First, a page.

Letter to the Editor – Senator Eli Bebout
To the Editor:
Water is the property of the state. The water of all natural streams, springs, lakes or other collections of still water, within the boundaries of the state, are hereby declared to be the property of the state. -Constitution of the State of Wyoming, Article 8 Section 1
Wyoming is a headwater state, and our water is important to the entire nation. We have waters that feed to the west and to the south, touching both the Gulf of Mexico and the Pacific Ocean. Water is also incredibly important to our way of life. We place a high value on water not just for personal sustenance, but for our agriculture, ranching and industrial industries.
State sovereignty is the backbone of the United States of America. The current administration’s attitude of “Washington knows best” has pervaded their policies again and again and permeated their treatment of states. They have reduced mineral royalty payments to states, mandated changes to wildlife management strategies and now they are seeking to broaden the scope of the Clean Water Act by redefining “waters of the United States.”
Water has always been a resource within state control. The Wyoming State Constitution highlights the need for states to control their own water to ensure the interests of all involved are equally guarded. With the passage of the Clean Water Act in 1972, water within the state’s borders, not considered “navigable,” was left to state management. The purpose of the Act was to protect the quality of interstate waters. It is now morphing into another tool for the federal government to impose new regulatory burdens across the landscape.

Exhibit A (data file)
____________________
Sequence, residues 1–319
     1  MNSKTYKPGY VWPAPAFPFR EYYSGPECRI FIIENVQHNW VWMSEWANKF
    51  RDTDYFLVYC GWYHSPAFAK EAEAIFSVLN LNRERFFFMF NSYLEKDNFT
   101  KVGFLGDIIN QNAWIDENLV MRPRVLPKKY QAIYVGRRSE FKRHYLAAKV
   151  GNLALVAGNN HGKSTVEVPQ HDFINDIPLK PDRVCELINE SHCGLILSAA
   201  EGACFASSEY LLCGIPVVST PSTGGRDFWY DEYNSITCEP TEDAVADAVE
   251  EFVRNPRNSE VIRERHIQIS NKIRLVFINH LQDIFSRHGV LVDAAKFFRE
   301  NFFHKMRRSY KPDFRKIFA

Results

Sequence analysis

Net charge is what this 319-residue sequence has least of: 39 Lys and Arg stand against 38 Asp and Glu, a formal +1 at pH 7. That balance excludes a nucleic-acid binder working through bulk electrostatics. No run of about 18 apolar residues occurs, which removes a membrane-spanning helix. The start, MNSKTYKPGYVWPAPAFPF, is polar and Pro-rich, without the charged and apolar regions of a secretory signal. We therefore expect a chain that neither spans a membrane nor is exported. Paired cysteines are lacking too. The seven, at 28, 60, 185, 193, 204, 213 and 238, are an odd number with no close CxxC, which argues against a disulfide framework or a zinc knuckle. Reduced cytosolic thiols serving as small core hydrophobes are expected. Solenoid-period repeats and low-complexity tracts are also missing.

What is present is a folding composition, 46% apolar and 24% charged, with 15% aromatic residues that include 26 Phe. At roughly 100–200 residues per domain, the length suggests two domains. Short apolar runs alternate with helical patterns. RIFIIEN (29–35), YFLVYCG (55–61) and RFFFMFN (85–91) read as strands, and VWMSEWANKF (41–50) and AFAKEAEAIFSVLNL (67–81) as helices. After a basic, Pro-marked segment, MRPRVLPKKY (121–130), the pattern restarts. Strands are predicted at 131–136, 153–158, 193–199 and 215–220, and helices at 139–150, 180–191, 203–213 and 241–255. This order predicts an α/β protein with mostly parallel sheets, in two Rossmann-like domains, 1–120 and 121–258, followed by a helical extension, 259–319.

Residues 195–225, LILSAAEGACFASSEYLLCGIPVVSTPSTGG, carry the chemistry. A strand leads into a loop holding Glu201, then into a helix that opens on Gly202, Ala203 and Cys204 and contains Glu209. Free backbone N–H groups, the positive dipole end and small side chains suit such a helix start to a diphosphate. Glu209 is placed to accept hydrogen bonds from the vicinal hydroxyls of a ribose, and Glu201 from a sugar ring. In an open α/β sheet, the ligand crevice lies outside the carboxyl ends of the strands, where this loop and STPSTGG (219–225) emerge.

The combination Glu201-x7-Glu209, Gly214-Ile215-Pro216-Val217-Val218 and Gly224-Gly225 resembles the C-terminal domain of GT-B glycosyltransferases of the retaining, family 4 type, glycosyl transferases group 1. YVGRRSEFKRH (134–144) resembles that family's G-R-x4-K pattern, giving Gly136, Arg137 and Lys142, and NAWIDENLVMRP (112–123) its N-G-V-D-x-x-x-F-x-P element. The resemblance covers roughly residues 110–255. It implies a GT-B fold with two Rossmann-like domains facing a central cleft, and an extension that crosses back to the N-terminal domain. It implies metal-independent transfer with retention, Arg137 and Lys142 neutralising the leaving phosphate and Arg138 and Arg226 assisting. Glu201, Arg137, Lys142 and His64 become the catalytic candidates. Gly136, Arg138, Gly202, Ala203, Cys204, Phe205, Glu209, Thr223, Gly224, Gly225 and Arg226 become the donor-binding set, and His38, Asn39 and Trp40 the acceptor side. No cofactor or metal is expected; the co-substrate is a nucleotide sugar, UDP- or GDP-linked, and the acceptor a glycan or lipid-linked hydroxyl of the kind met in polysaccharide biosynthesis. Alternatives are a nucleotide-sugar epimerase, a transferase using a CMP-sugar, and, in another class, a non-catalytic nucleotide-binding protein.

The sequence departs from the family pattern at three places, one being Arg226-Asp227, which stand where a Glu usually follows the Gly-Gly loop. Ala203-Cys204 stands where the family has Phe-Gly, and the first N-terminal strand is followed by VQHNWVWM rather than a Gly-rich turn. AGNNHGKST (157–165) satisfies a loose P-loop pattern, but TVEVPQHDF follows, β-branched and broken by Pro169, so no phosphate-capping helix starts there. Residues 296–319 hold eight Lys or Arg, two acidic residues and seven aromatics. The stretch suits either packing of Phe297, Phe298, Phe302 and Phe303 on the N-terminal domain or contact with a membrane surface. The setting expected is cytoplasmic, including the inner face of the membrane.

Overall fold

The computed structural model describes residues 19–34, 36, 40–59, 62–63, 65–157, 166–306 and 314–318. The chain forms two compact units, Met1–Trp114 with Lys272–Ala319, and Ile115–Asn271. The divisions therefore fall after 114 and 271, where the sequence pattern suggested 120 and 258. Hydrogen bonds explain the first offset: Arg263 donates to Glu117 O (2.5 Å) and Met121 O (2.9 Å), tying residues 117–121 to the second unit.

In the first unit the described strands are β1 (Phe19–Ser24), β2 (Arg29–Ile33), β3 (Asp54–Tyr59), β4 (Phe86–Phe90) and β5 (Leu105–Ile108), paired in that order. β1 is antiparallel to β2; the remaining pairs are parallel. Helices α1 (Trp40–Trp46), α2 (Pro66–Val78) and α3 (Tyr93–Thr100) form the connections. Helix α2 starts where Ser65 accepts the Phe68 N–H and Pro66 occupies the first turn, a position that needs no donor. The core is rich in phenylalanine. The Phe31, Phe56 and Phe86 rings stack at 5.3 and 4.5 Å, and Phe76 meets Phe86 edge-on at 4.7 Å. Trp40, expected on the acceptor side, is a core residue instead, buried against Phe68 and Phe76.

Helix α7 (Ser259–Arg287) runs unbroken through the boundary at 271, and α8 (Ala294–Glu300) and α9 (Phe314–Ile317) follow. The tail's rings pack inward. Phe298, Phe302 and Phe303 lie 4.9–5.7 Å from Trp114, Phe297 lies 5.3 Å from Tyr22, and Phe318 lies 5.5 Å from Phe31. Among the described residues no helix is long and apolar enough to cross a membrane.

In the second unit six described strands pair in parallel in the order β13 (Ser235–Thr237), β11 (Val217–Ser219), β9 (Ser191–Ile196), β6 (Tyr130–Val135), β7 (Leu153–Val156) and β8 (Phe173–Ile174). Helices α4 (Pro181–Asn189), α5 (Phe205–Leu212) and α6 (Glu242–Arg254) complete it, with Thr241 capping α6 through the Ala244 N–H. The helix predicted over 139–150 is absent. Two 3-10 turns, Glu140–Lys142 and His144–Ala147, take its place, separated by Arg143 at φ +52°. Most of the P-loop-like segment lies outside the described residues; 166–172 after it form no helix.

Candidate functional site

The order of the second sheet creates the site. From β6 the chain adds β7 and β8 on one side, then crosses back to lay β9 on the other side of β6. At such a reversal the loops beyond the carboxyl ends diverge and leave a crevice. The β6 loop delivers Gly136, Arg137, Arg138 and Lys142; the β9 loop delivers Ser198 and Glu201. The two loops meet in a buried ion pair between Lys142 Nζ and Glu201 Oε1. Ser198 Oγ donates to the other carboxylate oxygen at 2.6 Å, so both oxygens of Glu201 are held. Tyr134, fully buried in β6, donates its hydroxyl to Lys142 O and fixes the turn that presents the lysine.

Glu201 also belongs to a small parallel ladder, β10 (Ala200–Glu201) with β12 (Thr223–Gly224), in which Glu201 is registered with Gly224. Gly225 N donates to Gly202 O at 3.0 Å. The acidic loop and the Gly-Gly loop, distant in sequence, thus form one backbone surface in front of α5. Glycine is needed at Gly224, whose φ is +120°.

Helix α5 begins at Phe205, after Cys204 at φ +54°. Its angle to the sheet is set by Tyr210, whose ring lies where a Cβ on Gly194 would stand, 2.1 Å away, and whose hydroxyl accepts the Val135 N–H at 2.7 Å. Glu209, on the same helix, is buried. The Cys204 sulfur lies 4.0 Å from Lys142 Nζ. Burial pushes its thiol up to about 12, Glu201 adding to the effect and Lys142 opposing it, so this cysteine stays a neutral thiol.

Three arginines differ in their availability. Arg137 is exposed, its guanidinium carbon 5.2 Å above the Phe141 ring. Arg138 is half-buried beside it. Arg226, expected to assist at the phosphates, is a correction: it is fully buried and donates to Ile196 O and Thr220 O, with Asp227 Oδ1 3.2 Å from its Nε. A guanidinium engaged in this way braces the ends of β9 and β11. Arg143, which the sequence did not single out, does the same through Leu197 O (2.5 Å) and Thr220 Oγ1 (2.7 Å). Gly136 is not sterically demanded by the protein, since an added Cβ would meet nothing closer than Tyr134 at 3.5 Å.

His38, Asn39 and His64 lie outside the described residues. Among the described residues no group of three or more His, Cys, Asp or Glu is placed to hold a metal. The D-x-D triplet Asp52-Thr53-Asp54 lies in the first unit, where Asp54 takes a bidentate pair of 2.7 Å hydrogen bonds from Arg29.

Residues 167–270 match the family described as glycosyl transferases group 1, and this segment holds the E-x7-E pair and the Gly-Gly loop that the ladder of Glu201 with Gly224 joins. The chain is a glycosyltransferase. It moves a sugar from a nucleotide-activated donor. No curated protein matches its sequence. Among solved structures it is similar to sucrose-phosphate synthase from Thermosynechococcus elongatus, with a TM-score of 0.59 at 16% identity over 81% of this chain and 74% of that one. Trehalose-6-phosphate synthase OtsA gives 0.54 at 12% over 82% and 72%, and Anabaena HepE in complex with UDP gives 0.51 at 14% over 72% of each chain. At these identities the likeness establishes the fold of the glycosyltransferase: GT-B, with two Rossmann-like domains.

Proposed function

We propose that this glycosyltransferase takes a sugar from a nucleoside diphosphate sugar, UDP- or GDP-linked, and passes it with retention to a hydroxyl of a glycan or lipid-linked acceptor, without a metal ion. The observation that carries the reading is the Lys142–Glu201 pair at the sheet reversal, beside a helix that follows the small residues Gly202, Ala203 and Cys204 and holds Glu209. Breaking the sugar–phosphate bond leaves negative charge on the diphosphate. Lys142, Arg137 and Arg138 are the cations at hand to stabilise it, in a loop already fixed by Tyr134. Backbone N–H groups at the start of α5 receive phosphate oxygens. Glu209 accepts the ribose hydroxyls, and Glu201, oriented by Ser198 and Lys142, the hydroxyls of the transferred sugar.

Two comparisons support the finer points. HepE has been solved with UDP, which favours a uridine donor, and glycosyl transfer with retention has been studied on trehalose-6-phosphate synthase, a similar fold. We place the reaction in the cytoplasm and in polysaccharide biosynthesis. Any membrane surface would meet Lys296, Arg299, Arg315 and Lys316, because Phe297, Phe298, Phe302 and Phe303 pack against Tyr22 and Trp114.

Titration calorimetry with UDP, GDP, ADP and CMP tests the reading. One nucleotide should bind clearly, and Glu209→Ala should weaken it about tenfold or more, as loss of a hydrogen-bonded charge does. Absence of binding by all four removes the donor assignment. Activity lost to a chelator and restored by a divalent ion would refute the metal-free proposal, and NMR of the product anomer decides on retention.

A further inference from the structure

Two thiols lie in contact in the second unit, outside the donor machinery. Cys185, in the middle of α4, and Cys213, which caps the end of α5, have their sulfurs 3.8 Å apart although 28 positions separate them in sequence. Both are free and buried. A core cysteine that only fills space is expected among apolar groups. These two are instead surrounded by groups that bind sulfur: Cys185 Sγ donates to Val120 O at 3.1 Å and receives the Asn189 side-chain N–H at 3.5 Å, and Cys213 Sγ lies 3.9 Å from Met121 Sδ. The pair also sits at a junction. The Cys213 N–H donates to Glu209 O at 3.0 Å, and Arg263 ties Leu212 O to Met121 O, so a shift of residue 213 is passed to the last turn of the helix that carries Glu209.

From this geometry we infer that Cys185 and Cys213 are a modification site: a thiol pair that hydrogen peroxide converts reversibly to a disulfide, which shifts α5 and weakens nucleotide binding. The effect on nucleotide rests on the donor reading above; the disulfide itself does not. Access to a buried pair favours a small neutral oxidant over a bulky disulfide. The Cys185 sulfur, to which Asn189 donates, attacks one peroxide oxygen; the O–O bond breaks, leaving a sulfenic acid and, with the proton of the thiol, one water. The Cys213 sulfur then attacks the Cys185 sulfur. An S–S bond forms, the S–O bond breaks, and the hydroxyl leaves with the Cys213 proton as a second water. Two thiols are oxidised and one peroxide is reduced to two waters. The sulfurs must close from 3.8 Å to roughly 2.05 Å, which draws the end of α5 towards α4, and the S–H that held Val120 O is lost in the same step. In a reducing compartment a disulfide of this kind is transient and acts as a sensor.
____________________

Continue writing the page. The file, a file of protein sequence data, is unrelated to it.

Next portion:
The “waters of the United States” is a proposed rule to expand the federal regulatory and permitting power of the EPA by redefining which waterways they can control under the Clean Water Act. The states were not consulted or asked for input when building this rule. The EPA used public comments from a previous proposal to help outline this initiative, but did not complete any further due diligence.
This rule has the potential to affect tributaries, riparians, flood plains, small streams and even dry stream beds. It would create over-burdensome regulation and permitting on stormwater management systems and industrial ponds. This rule would place the burden of compliance on landowners, whose ditches and creeks currently fall outside federal jurisdiction, making them prove that they are in accordance with federal standards.
States should have been consulted early and often for such an expansive rule change to the Clean Water Act. This is a prime example of federal overreach. It is an overreach through rules and regulations. The EPA could not get this proposed rule passed through Congress, so instead of relying on the democratic process, they are looking to change the definition of waterways and, therefore, giving themselves unlimited control over Wyoming water.
We applaud Governor Mead for taking the initiative and developing a water strategy. Outlining initiatives for water management, development, conservation and restoration shows our commitment to Wyoming water and the blueprint of how we intend to continue managing it. As the Legislature, we have appropriated $9 million for constructing and upgrading water development projects. Water is an area where we have, and will continue, to jealously guard Wyoming’s interest.
Wyoming is fighting regulatory overreach by managing our waters effectively, working with the Governor to ensure that his proposed water strategy continues to move Wyoming water forward, and pushing back against the federal government to ensure we can manage Wyoming water with Wyoming solutions. Multiple agencies within the state and the region, including the Governor’s office, have sent comment letters to the EPA calling for the withdrawal of this rule.
Wyoming constantly clashes with the federal government for the ability to solve Wyoming problems with Wyoming solutions. States have the right to regulate the water within their boundaries and we will continue to fight for Wyoming water, Wyoming’s life blood.
Senator Eli Bebout, Majority Floor Leader, and
Representative Tim Stubson, Speaker Pro Tempore
Co-chairs of the Select Federal Natural Resource Management Committee